Canadian natural gas is becoming more economic to bring into New England and New York, and more of it could be needed as efforts to ship Appalachian supplies into the region have fallen short in the face of political resistance, according to an Iroquois Gas Transmission System LP executive.

The prolific increase of supplies from the Appalachian Basin has challenged the role of Canadian gas in the Northeast in recent years, but Todd White, who directs business development for Iroquois Pipeline Operating Co., recently told a crowd at LDC Gas Forums Northeast in Boston that “we’re starting to see another shift back.”

Established in 1991 to move gas from Western Canada to New York City, Long Island and Connecticut via an interconnect with the TC Energy Corp. (formerly TransCanada) Mainline, the 416-mile Iroquois system had long functioned well until supply dynamics shifted with the renaissance of gas production in Appalachia. A variety of factors, however, are making Canadian gas more attractive, White said.

“One of the issues is that TransCanada has done a lot of great work. They have been very successful in negotiating long-term fixed-price deals,” he said.

Tolls have fallen as a result, with “a couple Bcf/d under fixed prices approved” by Canada’s National Energy Board (NEB) for 10-20 years terms, he said, adding that “people know what it’s going to cost to move gas across their system.” That’s important to Iroquois, as 1.2 Bcf/d of the system’s total 1.7 Bcf/d physical receipt capacity comes from TC.

Appalachian basis also has increased in recent years as more pipelines have come online to take gas out of the region. Projects such as Nexus Gas Transmission and the Rover Pipeline have pushed more gas into the Midwest, putting downward pricing pressure on the Dawn Hub, where lower-cost gas can move into the Iroquois system, White said.

“It’s made it a lot more economic to get gas through the Canadian route than it used to be,” he added.

While Dawn prices continue to be more expensive than Dominion South, “that premium has come down significantly over time,” according to NGI’s Patrick Rau, director of strategy and research. “Dawn averaged more than $2.00/MMbtu than Dominion in 2014, fell below $1.00 in 2017 and is expected to be less than 30 cents in 2019. That’s quite a progression.”

Rau agreed that shifting gas from Appalachia to Dawn via Rover and Nexus “is a big part of this, as it has lowered Dawn prices and created excess Appalachian takeaway capacity, which in turn has improved pricing into Dominion. So the irony is Appalachian gas could be helping to make Appalachian gas a little less competitive than supply that is routed through Canada.”

Looking at NGI’s Forward Look data, which offers fixed and basis forward natural gas prices out 10 years, Rau said that increased Marcellus and Utica shale production is expected to push the Dawn-to-Dominion premium back above 40 cents after 2020, but even that figure is still below more recent historical norms.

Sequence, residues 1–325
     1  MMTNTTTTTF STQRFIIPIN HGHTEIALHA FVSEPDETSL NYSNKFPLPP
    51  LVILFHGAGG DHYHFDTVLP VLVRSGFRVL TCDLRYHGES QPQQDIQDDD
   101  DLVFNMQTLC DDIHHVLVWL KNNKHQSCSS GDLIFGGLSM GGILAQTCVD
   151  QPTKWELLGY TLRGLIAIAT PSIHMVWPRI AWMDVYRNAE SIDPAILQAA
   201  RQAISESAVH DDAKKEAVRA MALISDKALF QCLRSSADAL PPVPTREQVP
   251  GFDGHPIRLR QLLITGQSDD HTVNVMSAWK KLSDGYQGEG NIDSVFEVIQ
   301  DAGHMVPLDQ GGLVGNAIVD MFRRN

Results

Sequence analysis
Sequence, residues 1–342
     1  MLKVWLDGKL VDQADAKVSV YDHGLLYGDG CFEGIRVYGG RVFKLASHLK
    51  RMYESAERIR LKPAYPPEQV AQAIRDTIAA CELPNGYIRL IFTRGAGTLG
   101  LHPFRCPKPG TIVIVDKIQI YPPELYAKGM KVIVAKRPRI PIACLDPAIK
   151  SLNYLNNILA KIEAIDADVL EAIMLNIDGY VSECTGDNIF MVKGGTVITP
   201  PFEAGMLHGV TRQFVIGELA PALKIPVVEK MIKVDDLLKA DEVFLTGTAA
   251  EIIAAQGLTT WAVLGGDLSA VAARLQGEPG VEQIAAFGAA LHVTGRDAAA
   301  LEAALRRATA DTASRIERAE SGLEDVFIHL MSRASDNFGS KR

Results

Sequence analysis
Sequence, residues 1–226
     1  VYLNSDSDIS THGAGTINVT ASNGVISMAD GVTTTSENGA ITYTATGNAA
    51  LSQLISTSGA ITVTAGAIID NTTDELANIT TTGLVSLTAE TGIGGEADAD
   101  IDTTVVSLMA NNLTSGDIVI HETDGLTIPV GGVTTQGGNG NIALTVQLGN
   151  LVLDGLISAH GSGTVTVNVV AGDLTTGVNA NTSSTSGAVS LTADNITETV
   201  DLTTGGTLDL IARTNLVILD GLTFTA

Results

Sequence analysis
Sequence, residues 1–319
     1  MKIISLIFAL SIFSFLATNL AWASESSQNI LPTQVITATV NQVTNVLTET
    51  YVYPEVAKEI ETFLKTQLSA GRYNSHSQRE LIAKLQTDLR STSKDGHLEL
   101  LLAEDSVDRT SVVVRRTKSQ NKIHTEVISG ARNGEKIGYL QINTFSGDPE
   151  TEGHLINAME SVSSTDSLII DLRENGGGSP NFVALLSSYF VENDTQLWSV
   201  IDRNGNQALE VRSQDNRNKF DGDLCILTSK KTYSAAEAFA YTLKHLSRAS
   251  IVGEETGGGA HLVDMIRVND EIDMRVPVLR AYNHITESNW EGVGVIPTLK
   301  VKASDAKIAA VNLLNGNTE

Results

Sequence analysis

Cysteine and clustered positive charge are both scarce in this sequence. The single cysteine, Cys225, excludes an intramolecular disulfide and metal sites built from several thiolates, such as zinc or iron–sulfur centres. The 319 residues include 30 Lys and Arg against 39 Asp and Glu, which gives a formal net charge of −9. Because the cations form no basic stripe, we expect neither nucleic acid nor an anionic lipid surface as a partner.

While year/year Canadian pipeline deliveries to the United States dropped by 5% to 7.8 Bcf/d in 2018, they remained stronger than their volumes of 7.3 Bcf/d in 2014 and 7.4 Bcf/d in 2015, according to trade records compiled by the NEB.

Furthermore, Rau estimated that a combined 752 MMcf/d of gross volumes flowed into the U.S. Northeast via Waddington, NY, and Pittsburg, NH, in 2018, up from 558 MMcf/d in 2017, and the highest yearly total since 2013.

The shift comes as demand in the Northeast remains strong, White said. Enbridge Inc.’s Erin Petrovich, director of business development, said the same. She noted that Algonquin, another major pipeline in the region that transports 3.12 Bcf/d of gas to New York, New Jersey and New England remains fully subscribed and highly utilized.

“We think there’s going to need to be a number of expansions going forward to bring more gas into the Northeast. It remains to be seen how that’s going to happen,” White said of the political resistance the industry has faced in New England and particularly in New York, where state regulators have repeatedly denied permits for gas pipelines.

Utilities in the region, including in New York and Massachusetts, have imposed moratoriums on new gas service because of a lack of supply. Consolidated Edison Co. (Con Ed) last month inked a deal with Iroquois to increase gas supply into its New York service territory. Iroquois would upgrade compression facilities to move supply into the Bronx and parts of Manhattan and Queens. Pending regulatory approval, Con Ed said the new supplies could become available by November 2023.

The last major expansion that Iroquois undertook came 10 years ago. Similarly small projects have went into service across the Northeast in recent years, such as Algonquin’s AIM and Atlantic Bridge projects, along with the Dominion New Market Project and the Millennium Eastern System Upgrade, as greenfield pipes have faced strong opposition.

“We’re not going to build a pipeline project on speculation,” White said of what might come next for Iroquois. The system has periodically been overscheduled at Waddington, where it extends from the border, in part because of the lower TC tolls. “We tend to look for 15-20 year contracts and increasingly these days, we’re looking for parties who are going to be customers on that project and share some of the permitting risk as well, as we see that as more challenging.”

The notion of permitting risk echoed the event’s bearish sentiment on gas, as the broader market remains oversupplied, liquefied natural gas exports appear poised to slow and a hostile environment remains for the industry in parts of the Northeast. Many speakers spent time addressing how to address anti-fossil fuel policies and nascent renewable development in the region — particularly offshore wind — which could have a strong role to play in the regional power markets in the coming years, threatening some gas demand.